City tree-lighting ceremony Thursday, Dec. 3

Mayor William E. “Bill” Cooper said the problems facing the community and the nation in 2020 may try to steal Christmas or dampen our Christmas spirit.

“But we won’t let the Grinch or anything else steal Christmas in the City of Enterprise,” said Cooper. Like the people of “Whoville” in the classic Christmas tale, we will celebrate.”

Cooper said he and city leaders want to try to help brighten the Christmas season for local residents with several joyful events to offer a respite from a difficult year.

“With the COVID-19 pandemic continuing to plague our country and our community, we all are faced with difficult decisions and inconveniences,” said the mayor, who himself has battled COVID and a subsequent illness in recent months.

“Of course, we hope that everyone will make wise choices to best protect their own health and the health of those around them. We encourage everyone to do only what they feel is safe and comfortable.”

But for those who want to participate in some of the traditional activities, the city is planning to host the Annual Christmas Tree Lighting Ceremony Thursday, Dec. 3, at 6 p.m. in front of city hall. In case of rainy weather, the ceremony will be shifted to Tuesday, Dec. 8, at 6 p.m.

“The ceremony is always lots of fun. Everyone enjoys hearing a great message about “The Reason for the Season” and singing along with Christmas carols and hymns,” said Kay Kirkland, the city’s Special Projects Coordinator.

This year, the special message will be delivered by Pastor Olivia Poole of St. Luke United Methodist Church. Marge Simmons and an ensemble of singers from Johns Chapel AME Church will be performing holiday selections. Following a favorite tradition, Simmons will also be leading the congregational singing.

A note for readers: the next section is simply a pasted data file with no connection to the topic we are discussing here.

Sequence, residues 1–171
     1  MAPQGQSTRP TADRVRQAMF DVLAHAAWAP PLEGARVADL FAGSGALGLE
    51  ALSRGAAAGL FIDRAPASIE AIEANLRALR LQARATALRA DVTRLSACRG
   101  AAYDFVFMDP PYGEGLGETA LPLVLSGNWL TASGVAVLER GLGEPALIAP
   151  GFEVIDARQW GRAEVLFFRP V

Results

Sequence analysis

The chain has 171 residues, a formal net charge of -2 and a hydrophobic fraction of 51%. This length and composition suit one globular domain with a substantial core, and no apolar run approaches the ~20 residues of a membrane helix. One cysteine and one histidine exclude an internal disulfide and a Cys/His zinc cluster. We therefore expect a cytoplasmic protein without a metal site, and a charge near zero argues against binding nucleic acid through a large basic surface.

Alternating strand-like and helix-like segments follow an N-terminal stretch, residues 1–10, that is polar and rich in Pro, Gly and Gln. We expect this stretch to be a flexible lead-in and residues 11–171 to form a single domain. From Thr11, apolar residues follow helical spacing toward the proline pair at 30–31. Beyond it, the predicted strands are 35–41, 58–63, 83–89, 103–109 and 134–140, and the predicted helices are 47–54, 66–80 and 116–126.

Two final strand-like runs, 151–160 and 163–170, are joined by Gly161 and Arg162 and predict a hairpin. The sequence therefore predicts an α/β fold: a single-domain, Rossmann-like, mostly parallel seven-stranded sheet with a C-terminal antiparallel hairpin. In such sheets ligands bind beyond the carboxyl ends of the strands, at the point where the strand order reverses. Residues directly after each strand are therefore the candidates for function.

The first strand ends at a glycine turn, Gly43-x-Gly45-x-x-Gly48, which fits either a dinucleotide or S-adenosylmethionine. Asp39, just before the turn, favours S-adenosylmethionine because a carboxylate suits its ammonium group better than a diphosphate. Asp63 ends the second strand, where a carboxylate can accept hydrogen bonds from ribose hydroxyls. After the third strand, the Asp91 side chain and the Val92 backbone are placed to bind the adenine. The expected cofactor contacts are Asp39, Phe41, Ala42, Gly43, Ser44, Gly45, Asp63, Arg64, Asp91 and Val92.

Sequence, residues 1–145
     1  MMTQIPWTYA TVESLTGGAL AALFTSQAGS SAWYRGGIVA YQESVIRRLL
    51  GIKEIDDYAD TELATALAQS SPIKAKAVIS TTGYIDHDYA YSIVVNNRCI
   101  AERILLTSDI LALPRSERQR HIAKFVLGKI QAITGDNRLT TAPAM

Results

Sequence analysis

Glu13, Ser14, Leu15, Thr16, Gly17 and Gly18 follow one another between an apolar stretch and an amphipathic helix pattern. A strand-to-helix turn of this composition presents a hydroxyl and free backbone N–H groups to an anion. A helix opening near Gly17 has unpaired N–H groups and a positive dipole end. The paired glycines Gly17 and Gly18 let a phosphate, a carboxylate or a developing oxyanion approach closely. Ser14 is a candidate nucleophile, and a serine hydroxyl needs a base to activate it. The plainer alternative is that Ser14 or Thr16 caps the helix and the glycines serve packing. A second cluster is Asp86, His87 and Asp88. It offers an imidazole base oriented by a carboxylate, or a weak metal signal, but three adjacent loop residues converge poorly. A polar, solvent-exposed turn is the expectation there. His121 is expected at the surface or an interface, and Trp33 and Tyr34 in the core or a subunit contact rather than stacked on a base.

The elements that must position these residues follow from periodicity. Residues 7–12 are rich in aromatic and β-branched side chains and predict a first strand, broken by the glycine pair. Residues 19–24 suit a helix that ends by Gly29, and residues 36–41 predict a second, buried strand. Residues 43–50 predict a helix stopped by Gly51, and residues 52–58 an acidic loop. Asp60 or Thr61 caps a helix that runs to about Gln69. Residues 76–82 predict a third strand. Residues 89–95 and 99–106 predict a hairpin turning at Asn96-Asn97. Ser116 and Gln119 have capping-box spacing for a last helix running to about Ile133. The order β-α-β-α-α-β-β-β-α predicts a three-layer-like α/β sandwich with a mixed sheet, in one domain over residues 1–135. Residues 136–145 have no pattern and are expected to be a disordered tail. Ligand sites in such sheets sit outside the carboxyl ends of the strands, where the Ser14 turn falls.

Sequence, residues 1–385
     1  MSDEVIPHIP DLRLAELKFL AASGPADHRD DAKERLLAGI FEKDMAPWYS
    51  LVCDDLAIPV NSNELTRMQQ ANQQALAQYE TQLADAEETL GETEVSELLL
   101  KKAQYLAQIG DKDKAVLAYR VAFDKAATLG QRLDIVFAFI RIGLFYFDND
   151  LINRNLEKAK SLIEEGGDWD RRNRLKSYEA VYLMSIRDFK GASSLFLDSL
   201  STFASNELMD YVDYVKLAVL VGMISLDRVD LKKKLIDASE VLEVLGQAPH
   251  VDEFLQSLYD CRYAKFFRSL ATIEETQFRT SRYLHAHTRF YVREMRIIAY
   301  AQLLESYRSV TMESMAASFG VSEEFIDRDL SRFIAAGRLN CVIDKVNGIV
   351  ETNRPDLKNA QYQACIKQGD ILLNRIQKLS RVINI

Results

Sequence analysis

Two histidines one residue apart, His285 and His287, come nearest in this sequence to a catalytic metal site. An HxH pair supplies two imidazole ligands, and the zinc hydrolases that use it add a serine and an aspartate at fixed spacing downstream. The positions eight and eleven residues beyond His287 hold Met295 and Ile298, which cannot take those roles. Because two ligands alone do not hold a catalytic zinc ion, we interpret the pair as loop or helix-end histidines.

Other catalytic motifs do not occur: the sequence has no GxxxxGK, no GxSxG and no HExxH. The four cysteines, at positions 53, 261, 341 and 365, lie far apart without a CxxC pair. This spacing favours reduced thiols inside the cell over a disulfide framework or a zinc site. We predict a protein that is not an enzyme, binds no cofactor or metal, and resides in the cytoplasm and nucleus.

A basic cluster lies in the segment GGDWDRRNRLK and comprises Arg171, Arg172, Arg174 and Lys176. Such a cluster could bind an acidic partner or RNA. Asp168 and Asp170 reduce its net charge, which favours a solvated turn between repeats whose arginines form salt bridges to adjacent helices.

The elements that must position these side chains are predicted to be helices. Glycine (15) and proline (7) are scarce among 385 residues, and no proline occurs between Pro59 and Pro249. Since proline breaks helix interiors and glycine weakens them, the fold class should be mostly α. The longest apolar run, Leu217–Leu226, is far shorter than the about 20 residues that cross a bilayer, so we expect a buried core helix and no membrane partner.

“We also have a very special hostess of ceremonies this year—an Enterprise High School graduate and former Miss Enterprise, Stefanie Hicks East,” Kirkland said. “Stefanie currently teaches broadcast journalism at Troy University, where she shares her talents and skill that brought her success as news anchors at Dothan and Montgomery TV stations.”

Kirkland said that the evening promises some special surprises as well, including familiar visitors that only seem to stir during this time of year. “You never know ‘WHO’ might show up to bring Christmas cheer, or who might drop to say ‘Ho, Ho Ho!’”

Cooper said the city staff has been working hard to get ready for this event, to keep the tradition alive.

“However, we do want to stress the need to take the recommended safety precautions. We ask that everyone wear masks and try to keep your distance from others not in your household or circle of regular interaction. We can still talk, share laughter and have a great time, but let’s just do it as safely as possible.”

The seating will be set up for social distancing. Hand sanitizer stations will also be set up as well.

“The weather is expected to be chilly, so it will be a great time to bundle up in your favorite winter clothes, with gloves and scarves to help keep you warm and perhaps help to protect you as well,” the mayor said.